How to Become an Optometrist
Optometrist Job Duties
Skills and Qualities of Optometrists
Influential Professional Optometrists
Leading Organizations for Optometrists
Top Cities for Optometrist Jobs
Other Careers of Interest
After graduation from high school, achieving a career as an optometrist requires 3 years of pre-optometric study at a college before being able to apply to an accredited optometry school.
Admission into optometry school is competitive and once accepted students face a 4 year program in order to obtain a Doctor of Optometry degree. Students must also successfully pass exams administered by the National Board of Examiners in Optometry.
The arduous training ensures that an optometrist is knowledgeable and ready to perform a variety of techniques on their patients.
The term optometrist is sometimes confused with 'optician' and 'ophthalmologist'. An optician is neither trained nor responsible for any type of eye exam; they help a patient choose eye glass frames and adjust them to fit correctly. An ophthalmologist is the only professional in the field that is licensed to perform eye surgery.
Optometrists are able to prescribe contact lenses and eyeglasses. They can also test for and diagnose diseases such as glaucoma, diabetes and high blood pressure.
Optometrists can also provide care to patients that have had corrective or other eye surgeries.
Most optometrists choose to have solo private practices as general optometrists. They can also specialize in dealing with the elderly, children, or patients requiring special visual care such as partially-sighted persons.
In a solo practice situation an optometrist may also be responsible for the running of the business in regards to staffing, building a client base and possibly the day-to-day operations of the business. In 2004, the American Optometric Association stated that optometrists worked an average of 49 hours per week while attending to 38 patients in total.
According to the United States Department of Labor, there were over 33,000 optometrists working in the United States in 2006.
Optometrists must be well coordinated, quick thinkers and able to pay great attention to detail along with being committed to both learning and continuous skill development.
Patient care and communication is very important as relationships will more than likely be formed on a long term basis. Working as an optometrist can be a rewarding experience as patients are usually very grateful for any help regarding their vision. It should be noted that much of an optometrist's day is spent in the dark while examining patients which can become somewhat monotonous at times.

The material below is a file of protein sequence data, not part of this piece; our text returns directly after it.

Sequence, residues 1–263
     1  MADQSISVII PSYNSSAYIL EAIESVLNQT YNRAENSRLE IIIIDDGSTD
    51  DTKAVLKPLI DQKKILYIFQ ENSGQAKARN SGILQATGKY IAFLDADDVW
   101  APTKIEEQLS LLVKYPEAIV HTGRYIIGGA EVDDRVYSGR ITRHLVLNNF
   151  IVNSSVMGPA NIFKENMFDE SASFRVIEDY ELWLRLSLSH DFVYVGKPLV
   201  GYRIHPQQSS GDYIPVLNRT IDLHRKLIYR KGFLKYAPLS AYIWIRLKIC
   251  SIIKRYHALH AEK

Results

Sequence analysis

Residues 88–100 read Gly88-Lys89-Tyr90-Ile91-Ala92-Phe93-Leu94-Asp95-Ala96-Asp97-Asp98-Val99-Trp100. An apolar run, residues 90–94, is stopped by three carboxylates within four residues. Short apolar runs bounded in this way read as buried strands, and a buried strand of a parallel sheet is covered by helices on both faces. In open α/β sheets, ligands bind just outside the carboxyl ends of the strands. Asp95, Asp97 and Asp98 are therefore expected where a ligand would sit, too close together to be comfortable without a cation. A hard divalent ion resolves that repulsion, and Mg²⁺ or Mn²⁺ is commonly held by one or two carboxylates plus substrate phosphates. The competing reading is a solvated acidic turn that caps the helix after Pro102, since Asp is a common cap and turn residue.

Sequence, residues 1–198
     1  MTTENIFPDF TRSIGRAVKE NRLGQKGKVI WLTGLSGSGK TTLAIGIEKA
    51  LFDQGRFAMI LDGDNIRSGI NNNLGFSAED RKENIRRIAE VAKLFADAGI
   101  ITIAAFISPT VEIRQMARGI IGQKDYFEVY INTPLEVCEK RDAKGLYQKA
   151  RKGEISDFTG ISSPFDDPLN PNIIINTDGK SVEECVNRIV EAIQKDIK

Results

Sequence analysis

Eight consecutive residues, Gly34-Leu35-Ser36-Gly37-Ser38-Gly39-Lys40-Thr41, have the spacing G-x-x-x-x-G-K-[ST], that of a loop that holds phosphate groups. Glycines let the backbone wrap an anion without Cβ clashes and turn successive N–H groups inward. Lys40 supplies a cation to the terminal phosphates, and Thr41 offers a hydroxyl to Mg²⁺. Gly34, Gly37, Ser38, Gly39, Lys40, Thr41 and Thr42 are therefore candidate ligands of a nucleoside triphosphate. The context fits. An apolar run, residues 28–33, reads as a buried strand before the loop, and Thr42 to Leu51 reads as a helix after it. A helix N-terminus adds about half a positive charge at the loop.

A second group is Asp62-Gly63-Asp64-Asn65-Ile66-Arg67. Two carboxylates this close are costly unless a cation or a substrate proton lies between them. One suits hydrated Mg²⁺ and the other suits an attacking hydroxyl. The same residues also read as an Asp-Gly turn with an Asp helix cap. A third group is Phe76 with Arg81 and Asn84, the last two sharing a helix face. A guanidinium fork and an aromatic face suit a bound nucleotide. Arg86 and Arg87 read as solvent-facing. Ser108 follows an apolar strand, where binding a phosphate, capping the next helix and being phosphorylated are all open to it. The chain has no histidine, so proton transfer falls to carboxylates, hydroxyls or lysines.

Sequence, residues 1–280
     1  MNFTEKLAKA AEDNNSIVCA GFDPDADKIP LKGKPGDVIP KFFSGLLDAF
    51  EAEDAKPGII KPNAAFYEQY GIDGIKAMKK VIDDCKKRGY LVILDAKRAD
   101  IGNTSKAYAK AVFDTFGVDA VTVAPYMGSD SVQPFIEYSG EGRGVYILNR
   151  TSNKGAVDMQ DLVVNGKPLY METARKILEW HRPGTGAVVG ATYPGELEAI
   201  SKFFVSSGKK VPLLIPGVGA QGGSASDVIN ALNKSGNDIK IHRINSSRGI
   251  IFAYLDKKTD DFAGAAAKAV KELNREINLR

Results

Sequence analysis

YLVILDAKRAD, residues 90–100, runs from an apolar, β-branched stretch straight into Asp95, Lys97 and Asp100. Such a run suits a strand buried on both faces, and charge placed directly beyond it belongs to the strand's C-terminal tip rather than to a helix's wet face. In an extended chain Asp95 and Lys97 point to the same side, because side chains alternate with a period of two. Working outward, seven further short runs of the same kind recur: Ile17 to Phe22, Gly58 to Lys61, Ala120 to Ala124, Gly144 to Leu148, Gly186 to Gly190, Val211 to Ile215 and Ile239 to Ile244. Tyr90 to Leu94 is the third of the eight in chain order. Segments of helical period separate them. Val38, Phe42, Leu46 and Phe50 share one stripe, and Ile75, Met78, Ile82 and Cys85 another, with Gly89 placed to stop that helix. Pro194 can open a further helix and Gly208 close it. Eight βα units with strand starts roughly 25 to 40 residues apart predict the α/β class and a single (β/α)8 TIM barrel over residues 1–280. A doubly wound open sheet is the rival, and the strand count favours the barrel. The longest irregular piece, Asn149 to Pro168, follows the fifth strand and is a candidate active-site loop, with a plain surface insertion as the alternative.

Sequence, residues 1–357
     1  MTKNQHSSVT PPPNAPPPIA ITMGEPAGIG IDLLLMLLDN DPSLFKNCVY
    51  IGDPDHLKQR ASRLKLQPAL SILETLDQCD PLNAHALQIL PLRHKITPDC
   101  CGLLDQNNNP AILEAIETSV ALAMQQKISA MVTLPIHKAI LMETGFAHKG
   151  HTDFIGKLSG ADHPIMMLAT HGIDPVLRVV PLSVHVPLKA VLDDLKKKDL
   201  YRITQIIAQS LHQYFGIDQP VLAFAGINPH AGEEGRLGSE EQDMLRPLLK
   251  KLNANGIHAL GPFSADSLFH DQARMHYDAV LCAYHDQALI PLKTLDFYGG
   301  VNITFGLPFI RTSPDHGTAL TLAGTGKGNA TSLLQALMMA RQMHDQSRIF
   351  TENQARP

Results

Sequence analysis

In the case of a private practice situation, an optometrist needs to be a team player yet be able to manage their own business at the same time. Skills in this area would include management, supervision, dealing with employees on all levels including hiring, firing and training, along with possessing leadership skills in order to motivate and develop the team.
However, with these added responsibilities also comes the opportunity to adapt your practice to fit your own lifestyle. As compared to a regular medical doctor, optometrists are rarely called upon for emergencies, and so regular office hours from Monday to Friday are the norm.
A true desire to help people and enjoyment of working with others will help lead to a successful career in optometry.
Author Dr. Jimmy D. Bartlett is another world renowned optometrist was also voted as one of the ten most influential optometrists of the 20th century by the Review of Optometry Journal. Dr. Bartlett has been foremost in ocular pharmacology and helped to formulate ophthalmic drug delivery sprays for children.
Dr. Kristine M. Eng is a graduate of the University of California's Berkley Optometry school. She followed in her family tradition of doctors and became a third generation optometrist. Dr. Eng has been honored as one of the Fifty Most Influential Women in Optometry by Vision Monday.
Again, in 2006, there were over 33,000 optometrists working in the United States with a projected 36,000 by 2016
The goal of the Association of Optometrists (AOP) is to provide its members with promotion and representation, as well as helping to expand the role of optometry in both primary and secondary eye care.
Optometrists from the baby-boomer generation will soon be reaching retirement age and there will be many opportunities for younger optometrists to take over the work or practices from those retiring. The employment outlook for optometrists is expected to grow until the year 2016.
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